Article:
To gain control of the school, however, 161 students were sent elsewhere, 104 of them transferred to other schools, and 34 went to alternative schools. (I wonder whether the principals of the 104 transfers will be equally diligent in addressing behavior, so that the influx of potential troublemakers does not further damage their schools.) Then, the love part of the tough love approach was able to show results. Stansberry identified a core group of remaining troublemakers and met with them once a week. "That group of 10 is now down to five -- she calls them 'the Fab Five.'"
It is true that "troublemakers" are potential leaders, but turning them around takes a commitment that has been lost on most data-driven reformers. We should honor leaders who respect the moral core of students and do the hard work required to create safe and orderly schools. Apparently it took ten years for Dr. Bertie Simmons to turn around Furr High School, in Houston, but when violence spun out of control, the hand-picked principal decided against expelling gangbangers. Instead, "She took 32 gang members, none of whom had ever been on an airplane, to Ground Zero. They saw the empty footprints. They walked the hallowed ground. They prayed in Trinity Church. Dr. Simmons also took them to the United Nations, to Chinatown, to Central Park, to the Statue of Liberty and the Empire State Building. They even saw a Broadway show. In one trip, these kids saw more of the world than they had seen their entire lives. When they got back to Houston, the violence abruptly stopped."
I have experienced the hard work, as well as the joy, of appealing to the better angels of teens, as we introduce them to the wider world. Because of NCLB, however, we do not even bring kids in Oklahoma City on field trips to the Murrah Federal Building Bombing Memorial. But while I expect many more stories about turnarounds that failed after taking the quick and easy approach of blaming violence and disorder on teachers, I hope that true believers in turnarounds will learn from Dr. Simmons and Ms. Stansberry.
Despite a new mayor and schools chief, Chicago is apparently taking a softer approach to school rescue efforts next year. I wrote about this disappointing turn of events in the Sun-Times over the weekend (School reform goes through the motions). After years of doing closures and turnarounds, creating capacity within the district and fostering the growth of an outside group called AUSL, the city is going with the light touch option known as "transformation" -- a step backwards, even as it seems clearer than ever that making a break with the past and creating a new culture takes more than a new face in the principal's office. Of course, I get that there's no guarantee that school rescue efforts will work, and a dire shortage of principals and teachers willing to take on the work. The Chicago Board of Education and many others have botched rescue efforts more than they would care to admit. But the kids attending these schools aren't getting much of an education, and replacing staff as well as administrators seems like a pretty reasonable and necessary strategy. Let's not over-rate continuity for its own sake. And let's not forget that the SIG program is roughly as big as Race To The Top and is sending out gobs of money to nearly every state in the nation for the second year in a row.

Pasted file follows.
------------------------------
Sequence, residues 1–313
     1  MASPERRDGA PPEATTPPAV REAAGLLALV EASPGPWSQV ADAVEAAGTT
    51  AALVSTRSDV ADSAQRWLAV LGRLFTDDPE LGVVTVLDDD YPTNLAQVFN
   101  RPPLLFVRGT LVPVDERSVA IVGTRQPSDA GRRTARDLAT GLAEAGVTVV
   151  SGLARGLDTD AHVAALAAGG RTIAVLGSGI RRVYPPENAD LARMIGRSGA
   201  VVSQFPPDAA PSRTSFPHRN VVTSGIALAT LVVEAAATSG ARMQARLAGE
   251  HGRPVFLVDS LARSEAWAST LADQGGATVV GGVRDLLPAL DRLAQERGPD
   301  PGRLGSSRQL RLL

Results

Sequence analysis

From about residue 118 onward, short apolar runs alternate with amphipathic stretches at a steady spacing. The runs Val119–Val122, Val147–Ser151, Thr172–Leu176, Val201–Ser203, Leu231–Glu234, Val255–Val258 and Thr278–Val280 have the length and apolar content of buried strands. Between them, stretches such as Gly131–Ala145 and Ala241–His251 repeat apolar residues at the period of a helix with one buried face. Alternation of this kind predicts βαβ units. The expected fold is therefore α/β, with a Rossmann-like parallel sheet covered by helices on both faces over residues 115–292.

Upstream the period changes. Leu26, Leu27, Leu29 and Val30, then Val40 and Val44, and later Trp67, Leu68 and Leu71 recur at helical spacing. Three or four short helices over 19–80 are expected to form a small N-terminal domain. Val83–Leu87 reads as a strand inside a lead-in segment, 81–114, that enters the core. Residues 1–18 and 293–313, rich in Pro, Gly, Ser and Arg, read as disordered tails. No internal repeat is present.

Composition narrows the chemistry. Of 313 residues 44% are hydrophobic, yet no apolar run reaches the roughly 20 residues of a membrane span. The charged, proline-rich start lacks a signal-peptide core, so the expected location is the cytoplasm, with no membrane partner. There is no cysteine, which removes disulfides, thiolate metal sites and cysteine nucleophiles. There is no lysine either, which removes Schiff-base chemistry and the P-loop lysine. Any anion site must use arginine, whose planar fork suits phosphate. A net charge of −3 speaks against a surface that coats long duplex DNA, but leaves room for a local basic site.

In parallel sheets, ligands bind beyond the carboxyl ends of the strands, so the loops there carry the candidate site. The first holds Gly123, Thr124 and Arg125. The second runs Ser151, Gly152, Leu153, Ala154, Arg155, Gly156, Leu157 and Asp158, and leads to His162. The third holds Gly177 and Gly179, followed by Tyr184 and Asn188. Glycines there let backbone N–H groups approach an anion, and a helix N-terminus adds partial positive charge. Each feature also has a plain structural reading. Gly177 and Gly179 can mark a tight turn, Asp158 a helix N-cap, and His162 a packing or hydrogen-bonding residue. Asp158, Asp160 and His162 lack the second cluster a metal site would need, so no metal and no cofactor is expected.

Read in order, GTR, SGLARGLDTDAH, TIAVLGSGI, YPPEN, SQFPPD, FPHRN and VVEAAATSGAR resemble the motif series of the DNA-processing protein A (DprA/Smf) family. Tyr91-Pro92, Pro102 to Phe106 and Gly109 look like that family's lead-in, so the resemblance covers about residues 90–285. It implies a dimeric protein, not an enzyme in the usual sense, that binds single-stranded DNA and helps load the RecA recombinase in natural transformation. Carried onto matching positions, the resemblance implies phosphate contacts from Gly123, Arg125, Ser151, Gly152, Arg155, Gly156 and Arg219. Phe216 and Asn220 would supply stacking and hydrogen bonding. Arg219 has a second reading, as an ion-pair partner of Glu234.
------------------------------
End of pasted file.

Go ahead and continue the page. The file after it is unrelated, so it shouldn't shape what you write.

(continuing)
Some of the folks at Green Dot were disappointed in my recent interview on Southern California Public Radio – especially around the issue of progress that’s been made (which I described as substantial but not miraculous) and who's benefits host Madeleine Brand questioned closely. Green Dot reports that there are roughly 1200 additonal students on campus taking and finishing classes than before the changeover, that proficiency rates have doubled, and the number of students graduating with courses that make them eligible for a four-year college have tripled over three years (projected for this spring). Locke's results from the 2011 state exit exams continue to rise every year. A new study from UCLA is coming out soon that will apparently confirm the positive effects. It’s not my job to sell Green Dot's success or make Locke's results seem better than they are, but I didn’t mean to make it seem like nothing (or even very little) has been accomplished at the school. I continue to believe what's happened at Locke is admirable and worth emulating. The third and final class of "old" Locke students graduates later this month.
Education chief wants swifter action on reform bill KARE: In a visit to the Twin Cities Tuesday Duncancalled on Congress to replace the No Child Left Behind law before the next school year... GOP questions federal rules on healthier eating AP: They say the new rules are too costly...More states help immigrant students pay for higher education Stateline: Connecticut and Illinois are the latest states to expand tuition assistance for children of undocumented immigrants... Making the grade in a troubled school district CBS Evening News: Last fall none of the kindergarten kids were reading at grade level. Today, 75 percent are above or on target. Murray attributes this to a change in teaching attitudes... Detroit Looks To Charters To Remake Public Schools: The plan faces tremendous skepticism from a generation of parents and teachers frustrated from previous reform efforts...Despite successes, charter school takeovers draw protests CNN: Some said their public schools haven't been given a chance to succeed. Some don't trust charter school operators... Student Alonzo Clark Allegedly Mistreated For Misspelling Word HuffED: Alonzo Clark claims the substitute teacher slammed the classroom door, dragged him from behind a table, and took him to the principal's office by his collar... Robin Hood Inspires Los Angeles Schools Chief On Poverty Battle Bloomberg (via GS): One of his first tasks was overseeing the creation of the Los Angeles Fund for Public Education... Calif. budget will keep new $105M school closed AP: A Southern California school district spent $105 million on a new state-of-the-art high school, but after three years of funding cuts doesn't have the money to operate it...